It’s Memorial Day –a day that started out with the name Decoration Day.  Unlike Veteran’s Day, when we honor all veterans who served our country, this day is reserved for those who died in that service.  It started with the living making a trek out to the cemeteries across the land, decorating the graves, honoring the fallen, remembering their service, their “last full measure of devotion.”

The stories are endless.  The count is breathtaking.  The first war to prompt what became this official observance saw the fallen honored from the two sides of our “civil” war, with 625,000 names and lives to remember from that war alone.

For those of us who never served, it really is close to unimaginable.  For many who served and watched their comrades die, it is so very imaginable.  And the cost; the sacrifice; the duty…  they all add up to the simple yet extraordinary story of young men (mostly men in the past) who showed up, (or were drafted), signed up, and followed orders.

Some came mainly because we were bored at home — thought this looked like it might be fun. Some came because we were ashamed not to. Many of us came because it was the right thing to do. And all of us have seen men die.
Colonel Joshua Lawrence Chamberlain Addresses Maine Soldiers, (from the movie Gettysburg)

“The right thing to do.”  The “just war” doctirne says that when the cause is just, there is little doubt about the justification.

I recently read the biography Bonhoeffer:  Pastor, Martyr, Prophet, Spy by Eric Mataxas.  Dietrich Bonheoffer was at heart a pacifist.  A German theologian, he saw no way for a Christian to participate in war.  And then he watched Hitler’s rise to power.  He changed, because the cause was inescapably just.  He joined in on a serious attempt to kill Hitler, part of the Valkyrie plan.  He was captured, and ultimately spent the last day of his life leading worship.  Here is the author’s summary of that last day:

Less than twenty-four hours before he left this world, Bonhoeffer performed the offices of a pastor. In the bright Schönberg schoolroom that was their cell, he held a small service. He prayed and read the verses for that day: Isaiah 53:5 (“With his stripes we are healed”) and 1 Peter 1:3 (“Blessed be the God and Father of our Lord Jesus Christ! By his great mercy we have been born anew to a living hope through the resurrection of Jesus Christ from the dead” RSV).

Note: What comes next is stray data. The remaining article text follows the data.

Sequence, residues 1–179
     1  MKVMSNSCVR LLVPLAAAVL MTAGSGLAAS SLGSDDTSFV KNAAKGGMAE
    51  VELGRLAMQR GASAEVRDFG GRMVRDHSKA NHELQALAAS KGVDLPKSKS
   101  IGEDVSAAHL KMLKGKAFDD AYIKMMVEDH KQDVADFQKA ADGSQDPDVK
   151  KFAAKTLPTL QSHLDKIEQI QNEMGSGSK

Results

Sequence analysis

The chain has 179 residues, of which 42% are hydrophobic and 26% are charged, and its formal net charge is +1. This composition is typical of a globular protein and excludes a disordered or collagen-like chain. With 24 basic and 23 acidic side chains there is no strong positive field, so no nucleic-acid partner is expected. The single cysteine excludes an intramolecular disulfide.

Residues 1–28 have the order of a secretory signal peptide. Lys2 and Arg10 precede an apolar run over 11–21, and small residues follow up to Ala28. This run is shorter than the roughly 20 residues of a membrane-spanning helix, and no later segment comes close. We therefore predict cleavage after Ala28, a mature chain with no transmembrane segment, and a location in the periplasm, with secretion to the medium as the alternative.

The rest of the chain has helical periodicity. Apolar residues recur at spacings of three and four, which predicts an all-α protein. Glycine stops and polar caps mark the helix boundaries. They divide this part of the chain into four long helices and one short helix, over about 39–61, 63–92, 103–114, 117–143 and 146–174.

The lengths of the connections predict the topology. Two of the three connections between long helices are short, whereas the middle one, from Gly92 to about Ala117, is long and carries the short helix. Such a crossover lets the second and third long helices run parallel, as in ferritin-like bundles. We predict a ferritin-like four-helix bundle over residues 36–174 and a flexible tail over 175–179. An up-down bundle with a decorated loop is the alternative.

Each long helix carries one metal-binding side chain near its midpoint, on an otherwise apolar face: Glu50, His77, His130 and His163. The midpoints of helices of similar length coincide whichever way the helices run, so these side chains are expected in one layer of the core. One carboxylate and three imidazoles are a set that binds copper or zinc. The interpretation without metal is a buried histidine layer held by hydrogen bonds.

He had hardly finished his last prayer when the door opened and two evil-looking men in civilian clothes came in and said: “Prisoner Bonhoeffer. Get ready to come with us.” Those words “Come with us”—for all prisoners they had come to mean one thing only—the scaffold. We bade him good-bye—he drew me aside—“This is the end,” he said. “For me the beginning of life.”
He “was a good and saintly man,” wrote one observer.  But in the letter he went further: “In fact my feeling was far stronger than these words imply. He was, without exception, the finest and most lovable man I have ever met.”
Bonhoeffer’s sentence of death was almost certainly by decree of Hitler himself.  (Hitler) was every atom a petty man, he was accustomed to diverting exceedingly precious resources of time, personnel, and gasoline for the purposes of his own revenge.
We know that Bonhoeffer thought of death as the last station on the road to freedom, as he put it in his poem, “Stations on the Road to Freedom.”
“In the almost fifty years that I worked as a doctor, I have hardly ever seen a man die so entirely submissive to the will of God,” wrote another.
Bonhoeffer thought it the plain duty of the Christian—and the privilege and honor—to suffer with those who suffered.

I speak regularly at an assisted living facility nearby.

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